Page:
Friday, October 28, 2022

How Do Meteorologists Define Precipitation Chances? Part 2

Part 1 of the Precipitation Percentage topic talked about the technical definition and my definition and usage.  What about on-air meteorologists?  How do they define precipitation percentage?  How do they come up their number for their forecast? Do they even use percentages?  Here are some answers from on-air meteorologists across the country?

  • "I actually don't include percentages in my forecasts as I feel they can be confusing to the audience. My understanding of them as issued by the NWS is that percentage od the forecast area would receive any precip."

  • "On our 12 hour planners the pops are specific to the city of choice. On the 7 day its the pops for our viewing area."

  • "There's an art to this, it seems, but like NOAA, we use coverage and confidence as our main factors in determining POPs for our zones. I tell our customers, "You should expect to cross with rain at least six of every ten times you hear us forecast a '60% chance of rain'."

  • "My working definition for precipitation percentages is the percent of my viewing that will see rain. So, if the rain chance is 70%, then about 70% of the viewing area would see rain and about 30% of the DMA would not. However, if that 70% sees rain, then there is a 100% chance of rain for them.  I typically used MOS guidance to help me out a bit on rainfall percentage. I also just use model guidance and common sense, especially if I’ve seen a similar weather pattern on the models or maps. Sometimes the models will say it’s a big chance, but other variables keep the chance down....confidence plays a huge role in choosing POPs. I want was much information as I can to make the best forecast I can with precip. I do also believe that rainfall intensity sometimes does play a factor. If I see potential for heavy rain, that will affect my decision making. Also, the major counties or cities in our DMA. If there is a better bet for rain in those location, I have, at times, adjusted the forecast to reflect the population center of our viewing area."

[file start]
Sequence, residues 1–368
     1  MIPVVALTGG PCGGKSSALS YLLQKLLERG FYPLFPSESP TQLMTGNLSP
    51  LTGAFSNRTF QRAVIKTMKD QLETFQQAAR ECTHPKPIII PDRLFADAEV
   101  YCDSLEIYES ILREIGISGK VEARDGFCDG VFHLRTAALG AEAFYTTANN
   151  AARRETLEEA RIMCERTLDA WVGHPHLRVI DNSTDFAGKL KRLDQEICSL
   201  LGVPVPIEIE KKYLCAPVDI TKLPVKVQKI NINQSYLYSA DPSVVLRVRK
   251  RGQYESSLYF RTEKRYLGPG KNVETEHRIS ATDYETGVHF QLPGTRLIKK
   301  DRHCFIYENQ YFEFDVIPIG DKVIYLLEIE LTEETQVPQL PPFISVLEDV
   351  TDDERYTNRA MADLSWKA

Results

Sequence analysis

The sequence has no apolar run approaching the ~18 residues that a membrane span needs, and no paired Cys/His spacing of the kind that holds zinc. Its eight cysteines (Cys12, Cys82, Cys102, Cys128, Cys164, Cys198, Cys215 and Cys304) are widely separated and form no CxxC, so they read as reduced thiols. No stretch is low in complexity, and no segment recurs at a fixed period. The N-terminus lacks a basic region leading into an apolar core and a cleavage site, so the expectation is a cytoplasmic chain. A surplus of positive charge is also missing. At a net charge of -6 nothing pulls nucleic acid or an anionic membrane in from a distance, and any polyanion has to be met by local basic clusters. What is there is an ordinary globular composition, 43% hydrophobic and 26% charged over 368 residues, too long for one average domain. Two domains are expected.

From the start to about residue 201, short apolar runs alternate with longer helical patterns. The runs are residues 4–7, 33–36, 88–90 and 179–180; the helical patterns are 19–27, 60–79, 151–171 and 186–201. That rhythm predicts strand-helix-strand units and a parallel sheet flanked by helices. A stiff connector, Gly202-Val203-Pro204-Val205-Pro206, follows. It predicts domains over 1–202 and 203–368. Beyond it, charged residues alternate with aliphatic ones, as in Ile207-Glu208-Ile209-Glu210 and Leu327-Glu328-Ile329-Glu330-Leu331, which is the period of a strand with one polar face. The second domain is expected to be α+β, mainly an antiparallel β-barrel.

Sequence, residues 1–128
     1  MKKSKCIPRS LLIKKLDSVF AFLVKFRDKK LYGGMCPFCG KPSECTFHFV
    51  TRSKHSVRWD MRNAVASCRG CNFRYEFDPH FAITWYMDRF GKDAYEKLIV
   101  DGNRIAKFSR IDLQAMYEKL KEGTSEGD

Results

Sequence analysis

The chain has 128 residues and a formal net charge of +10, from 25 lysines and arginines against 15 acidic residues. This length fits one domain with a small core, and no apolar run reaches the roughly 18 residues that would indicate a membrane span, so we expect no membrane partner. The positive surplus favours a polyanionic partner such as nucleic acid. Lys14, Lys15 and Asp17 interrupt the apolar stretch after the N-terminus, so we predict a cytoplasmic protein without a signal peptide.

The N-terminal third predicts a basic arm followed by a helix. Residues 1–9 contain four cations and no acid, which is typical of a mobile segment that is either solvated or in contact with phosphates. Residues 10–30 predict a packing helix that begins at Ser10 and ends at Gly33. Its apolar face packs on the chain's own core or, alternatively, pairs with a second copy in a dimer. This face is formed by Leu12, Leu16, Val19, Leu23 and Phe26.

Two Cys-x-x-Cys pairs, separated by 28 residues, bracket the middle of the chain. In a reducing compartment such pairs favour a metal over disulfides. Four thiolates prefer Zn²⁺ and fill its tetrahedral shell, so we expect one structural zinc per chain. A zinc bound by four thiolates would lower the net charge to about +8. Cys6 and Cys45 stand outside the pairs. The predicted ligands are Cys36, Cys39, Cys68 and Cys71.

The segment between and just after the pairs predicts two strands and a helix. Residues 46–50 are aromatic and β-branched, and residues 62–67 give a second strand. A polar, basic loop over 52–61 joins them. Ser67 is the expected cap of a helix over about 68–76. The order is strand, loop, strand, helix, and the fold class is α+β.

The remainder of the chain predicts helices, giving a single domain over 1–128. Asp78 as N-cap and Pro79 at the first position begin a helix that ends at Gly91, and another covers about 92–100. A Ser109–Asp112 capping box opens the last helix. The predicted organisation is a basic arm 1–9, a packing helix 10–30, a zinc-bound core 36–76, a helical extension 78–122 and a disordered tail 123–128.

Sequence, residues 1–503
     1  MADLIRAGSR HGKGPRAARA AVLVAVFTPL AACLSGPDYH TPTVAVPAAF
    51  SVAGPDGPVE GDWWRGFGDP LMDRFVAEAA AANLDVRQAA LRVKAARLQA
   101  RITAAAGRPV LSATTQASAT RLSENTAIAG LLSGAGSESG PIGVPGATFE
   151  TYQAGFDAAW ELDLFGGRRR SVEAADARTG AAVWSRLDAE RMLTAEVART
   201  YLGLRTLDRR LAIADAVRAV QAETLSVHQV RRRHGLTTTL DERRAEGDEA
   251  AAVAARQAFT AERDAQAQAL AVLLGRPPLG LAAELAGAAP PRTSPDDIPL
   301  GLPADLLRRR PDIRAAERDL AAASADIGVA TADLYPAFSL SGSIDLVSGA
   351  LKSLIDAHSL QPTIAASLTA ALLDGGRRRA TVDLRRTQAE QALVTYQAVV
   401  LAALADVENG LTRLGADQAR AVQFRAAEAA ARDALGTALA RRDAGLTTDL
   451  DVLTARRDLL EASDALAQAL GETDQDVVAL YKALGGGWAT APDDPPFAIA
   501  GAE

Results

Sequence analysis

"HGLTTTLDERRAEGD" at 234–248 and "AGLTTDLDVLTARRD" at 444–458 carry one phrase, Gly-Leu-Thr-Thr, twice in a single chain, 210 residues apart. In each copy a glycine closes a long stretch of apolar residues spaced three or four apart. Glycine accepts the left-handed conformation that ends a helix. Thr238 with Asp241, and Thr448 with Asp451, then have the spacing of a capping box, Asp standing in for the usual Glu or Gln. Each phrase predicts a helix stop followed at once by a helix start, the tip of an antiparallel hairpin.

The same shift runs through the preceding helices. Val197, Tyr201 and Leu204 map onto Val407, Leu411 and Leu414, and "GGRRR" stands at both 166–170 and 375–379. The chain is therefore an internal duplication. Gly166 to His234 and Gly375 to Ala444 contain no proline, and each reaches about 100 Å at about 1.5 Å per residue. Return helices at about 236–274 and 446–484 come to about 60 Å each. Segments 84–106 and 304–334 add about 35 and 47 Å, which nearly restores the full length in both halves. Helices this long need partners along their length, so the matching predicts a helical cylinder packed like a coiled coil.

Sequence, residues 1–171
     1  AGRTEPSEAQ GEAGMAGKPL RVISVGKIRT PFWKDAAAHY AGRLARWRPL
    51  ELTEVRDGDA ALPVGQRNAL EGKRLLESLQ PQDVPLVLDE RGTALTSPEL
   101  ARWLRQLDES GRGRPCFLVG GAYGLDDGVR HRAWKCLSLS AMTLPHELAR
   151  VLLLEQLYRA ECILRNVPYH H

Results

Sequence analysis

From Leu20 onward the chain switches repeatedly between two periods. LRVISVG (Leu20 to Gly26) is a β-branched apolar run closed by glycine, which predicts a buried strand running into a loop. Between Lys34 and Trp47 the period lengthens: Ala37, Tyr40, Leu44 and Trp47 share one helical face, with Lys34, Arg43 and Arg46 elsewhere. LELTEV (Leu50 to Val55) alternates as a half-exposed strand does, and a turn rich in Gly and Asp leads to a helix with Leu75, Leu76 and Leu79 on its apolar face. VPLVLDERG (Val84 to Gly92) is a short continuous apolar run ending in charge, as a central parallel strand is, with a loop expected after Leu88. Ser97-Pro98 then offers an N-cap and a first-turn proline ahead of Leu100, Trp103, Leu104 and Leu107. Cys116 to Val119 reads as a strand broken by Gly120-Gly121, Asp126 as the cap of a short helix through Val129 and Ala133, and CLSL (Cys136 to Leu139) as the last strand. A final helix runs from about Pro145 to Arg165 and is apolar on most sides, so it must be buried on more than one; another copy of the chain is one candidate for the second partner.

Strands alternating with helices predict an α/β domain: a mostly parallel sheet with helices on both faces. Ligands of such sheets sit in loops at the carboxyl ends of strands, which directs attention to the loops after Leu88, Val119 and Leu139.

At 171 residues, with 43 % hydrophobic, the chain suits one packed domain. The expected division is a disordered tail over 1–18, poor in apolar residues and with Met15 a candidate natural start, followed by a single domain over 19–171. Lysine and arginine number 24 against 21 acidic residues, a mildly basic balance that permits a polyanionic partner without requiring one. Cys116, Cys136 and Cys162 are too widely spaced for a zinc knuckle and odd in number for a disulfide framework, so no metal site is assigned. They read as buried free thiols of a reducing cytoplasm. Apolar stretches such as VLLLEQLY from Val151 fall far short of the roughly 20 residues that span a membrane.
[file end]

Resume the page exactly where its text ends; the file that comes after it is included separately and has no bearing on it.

• "I fill out a spreadsheet with all the model data to get an analytical view of the numbers. That has high/low/PoPs to compare and see trends from day to day. Also helps to compare anomalies with models that are trending drier/wetter/colder/hotter than the rest."

  • "We don't use POPs on-air, or convey rain as a percentage on our forecasts. However, we do use "isolated" "few", "scattered", and "widespread" to describe rain coverage."

  • "We use POPs as defined by confidence in the forecast times and the coverage of the rainfall. While we use this traditional method in calculating the POP we do tailor them more to the audience as strictly the chance of seeing rain for the forecast area."

  • "We don't use pops on air because of the confusion you're likely looking to highlight.  We use words to qualify precipitation placement and likelihood.  There is a bit of POPs in the making of that, though.  Main variables being coverage and confidence of at least .01" rain in our area... Oh... also, we use coverage * confidence for a given time period."

  • "PoP to me is the percent of the populated area that will get rained on at some point during the forecast period. I know that is not technically right. But it works."

  • "...Percent chance of any one location seeing precipitation during the stated time period. Not areal coverage or duration. We show precipitation icons for any PoP 30% and above and do not use 10% in daily forecasts (we do in hourly forecasts). We do not use 50% for either daily or hourly forecasts as it invites “forecast skeptics” to make “50/50 guess”-type comments."

  • "I use it as a general number for chance of rain in our averaged area as a whole. It's tough to do broadly for a whole forecast area right? Since it's really more useful for a specific point."

  • "For instance I may put 50% chance of rain on a graphic, even knowing the chance is 10% on a specific city and 85% in Central parts of the state. You have to eyeball it a little...then explain further in your forecast who's actually most likely?"

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